Generalizing his coping skills

Late post from 7/26/14

kayak

This looks like an ordinary pic of a 7 year old. In my eyes and to those who know Andrew well, seeing him sitting calmly and knowing this kayak ride was free of anxiety and high energy is huge!  This Lil guy had a rough week: a traumatizing hospital procedure and a dreadful 2 hour speech therapy eval.  Through them he utilized the skills he’s been equipped with, to the best of his ability.  Before the dental procedure held at a hospital, he didn’t need assistance walking from pre-op to the the surgery room.  He did freeze in the hall where way too many staff nurses were staring at him.  Andrew crouched while clutching on his blankie, started crying and said, “There’s too many people here!!”  That’s huge!  He was a big boy and finally walked into the OR.  When the RNs finally had to carry him on to the table, he cried and said “Mommy I don’t want to go to sleep!”  It was really hard and emotional for me to watch that followed by the doctor applying the mask to his face.  I could hear him struggle and try to talk but he passed out.

During an annual speech evaluation, Andrew was pretty tired.  I made the mistake of scheduling it the same week as his procedure.  He did well overall but made a few comments like this is too long or I’m done but he kept going answering questions and working.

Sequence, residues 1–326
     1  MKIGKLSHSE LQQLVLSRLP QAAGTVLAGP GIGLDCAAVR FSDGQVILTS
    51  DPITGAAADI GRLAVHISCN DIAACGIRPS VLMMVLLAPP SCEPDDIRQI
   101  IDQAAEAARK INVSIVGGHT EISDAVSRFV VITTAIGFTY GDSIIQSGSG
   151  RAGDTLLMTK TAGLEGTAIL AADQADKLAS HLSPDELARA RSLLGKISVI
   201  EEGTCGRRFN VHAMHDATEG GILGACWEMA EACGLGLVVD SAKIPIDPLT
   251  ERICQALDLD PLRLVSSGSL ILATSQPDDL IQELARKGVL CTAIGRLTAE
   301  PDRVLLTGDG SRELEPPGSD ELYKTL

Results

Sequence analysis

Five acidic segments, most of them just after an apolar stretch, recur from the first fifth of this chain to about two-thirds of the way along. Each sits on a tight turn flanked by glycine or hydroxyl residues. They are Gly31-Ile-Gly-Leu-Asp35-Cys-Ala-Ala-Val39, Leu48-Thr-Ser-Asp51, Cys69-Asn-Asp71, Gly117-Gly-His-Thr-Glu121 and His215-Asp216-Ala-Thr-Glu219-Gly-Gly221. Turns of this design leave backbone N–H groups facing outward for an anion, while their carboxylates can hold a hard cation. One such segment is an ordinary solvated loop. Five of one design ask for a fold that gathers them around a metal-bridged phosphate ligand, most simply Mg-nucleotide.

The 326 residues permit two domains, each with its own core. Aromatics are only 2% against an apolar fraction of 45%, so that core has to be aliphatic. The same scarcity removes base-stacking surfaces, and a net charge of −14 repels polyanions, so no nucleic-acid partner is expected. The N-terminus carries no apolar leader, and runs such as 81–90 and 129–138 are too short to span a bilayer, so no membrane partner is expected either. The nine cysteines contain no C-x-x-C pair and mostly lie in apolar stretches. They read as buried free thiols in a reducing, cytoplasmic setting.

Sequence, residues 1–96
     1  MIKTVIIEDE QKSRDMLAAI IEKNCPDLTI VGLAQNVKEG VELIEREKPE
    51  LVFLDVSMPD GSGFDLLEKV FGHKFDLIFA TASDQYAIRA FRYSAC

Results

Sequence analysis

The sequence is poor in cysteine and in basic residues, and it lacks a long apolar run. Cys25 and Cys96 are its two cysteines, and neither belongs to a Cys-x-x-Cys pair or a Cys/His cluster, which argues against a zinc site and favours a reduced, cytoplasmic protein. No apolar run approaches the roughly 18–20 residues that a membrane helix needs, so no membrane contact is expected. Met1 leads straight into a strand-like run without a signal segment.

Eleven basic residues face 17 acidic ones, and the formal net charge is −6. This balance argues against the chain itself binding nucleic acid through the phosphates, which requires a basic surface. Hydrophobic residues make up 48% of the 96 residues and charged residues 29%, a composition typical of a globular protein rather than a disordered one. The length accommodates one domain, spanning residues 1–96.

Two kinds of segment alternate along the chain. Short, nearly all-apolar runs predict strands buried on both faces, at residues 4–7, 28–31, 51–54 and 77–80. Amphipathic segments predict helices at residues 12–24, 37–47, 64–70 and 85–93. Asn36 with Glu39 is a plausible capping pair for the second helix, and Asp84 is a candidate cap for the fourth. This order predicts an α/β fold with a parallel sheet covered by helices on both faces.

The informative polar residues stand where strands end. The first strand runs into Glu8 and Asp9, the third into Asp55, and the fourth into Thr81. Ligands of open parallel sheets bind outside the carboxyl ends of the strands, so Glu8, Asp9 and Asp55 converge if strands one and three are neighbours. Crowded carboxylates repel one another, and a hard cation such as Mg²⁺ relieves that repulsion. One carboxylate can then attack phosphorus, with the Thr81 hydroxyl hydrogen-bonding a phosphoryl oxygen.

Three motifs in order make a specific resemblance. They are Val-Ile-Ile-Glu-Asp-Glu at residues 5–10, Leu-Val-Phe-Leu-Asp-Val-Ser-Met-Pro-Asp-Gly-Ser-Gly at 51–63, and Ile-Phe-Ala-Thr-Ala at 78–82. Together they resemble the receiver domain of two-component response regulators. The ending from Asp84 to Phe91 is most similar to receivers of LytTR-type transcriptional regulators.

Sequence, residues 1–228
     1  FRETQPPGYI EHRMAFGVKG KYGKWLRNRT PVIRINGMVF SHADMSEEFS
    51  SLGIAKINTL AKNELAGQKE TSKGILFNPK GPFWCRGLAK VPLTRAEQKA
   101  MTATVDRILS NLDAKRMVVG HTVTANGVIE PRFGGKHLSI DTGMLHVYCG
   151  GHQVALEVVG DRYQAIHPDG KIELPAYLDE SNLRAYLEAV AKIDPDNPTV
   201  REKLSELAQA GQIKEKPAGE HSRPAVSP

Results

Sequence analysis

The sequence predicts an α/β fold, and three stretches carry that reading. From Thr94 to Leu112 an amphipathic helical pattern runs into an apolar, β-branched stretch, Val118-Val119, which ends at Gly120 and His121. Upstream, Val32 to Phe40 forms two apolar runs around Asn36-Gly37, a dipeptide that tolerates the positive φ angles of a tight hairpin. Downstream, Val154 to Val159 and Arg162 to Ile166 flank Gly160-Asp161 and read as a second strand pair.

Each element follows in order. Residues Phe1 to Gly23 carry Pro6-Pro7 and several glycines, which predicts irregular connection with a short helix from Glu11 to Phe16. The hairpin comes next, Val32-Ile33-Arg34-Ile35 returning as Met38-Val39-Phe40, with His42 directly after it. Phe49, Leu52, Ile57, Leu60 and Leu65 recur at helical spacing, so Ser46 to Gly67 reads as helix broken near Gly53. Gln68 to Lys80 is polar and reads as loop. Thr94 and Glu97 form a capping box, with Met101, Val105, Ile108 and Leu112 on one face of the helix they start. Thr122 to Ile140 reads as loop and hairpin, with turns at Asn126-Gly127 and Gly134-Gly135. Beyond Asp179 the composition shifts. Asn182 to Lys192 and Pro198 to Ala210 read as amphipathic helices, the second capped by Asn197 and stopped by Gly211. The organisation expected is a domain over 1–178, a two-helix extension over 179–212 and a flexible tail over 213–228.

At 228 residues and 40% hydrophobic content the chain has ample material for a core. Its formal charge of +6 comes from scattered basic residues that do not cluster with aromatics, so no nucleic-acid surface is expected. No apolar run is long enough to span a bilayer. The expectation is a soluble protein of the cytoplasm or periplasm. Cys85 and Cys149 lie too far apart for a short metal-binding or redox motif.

As his mom, who’s traveled down this road with him for 7 years, I am so proud of how much he has progressed and how hard he tries everyday to do all the things that come naturally to 7 years olds, but have to be taught to him.

Patience, patience and more patience

Today was a day of never-ending tantrums and frustration for Andrew. One of the many “minor” set offs included Anthony (younger brother) ripping the spoiler off this Indy car. No where to be found.  Andrew listened to music to calm down & later made this paper spoiler. Although he cried & screamed, he managed to resolve it independently. One of our day to day goals is to learn how to regulate the overwhelming emotions that’s 50x worse for asd kids. We’re slowly getting there. ‪#‎autismisexhausting‬ ‪#‎needtobestrong ‬‪#‎patiencepatience‬&morepatienceindy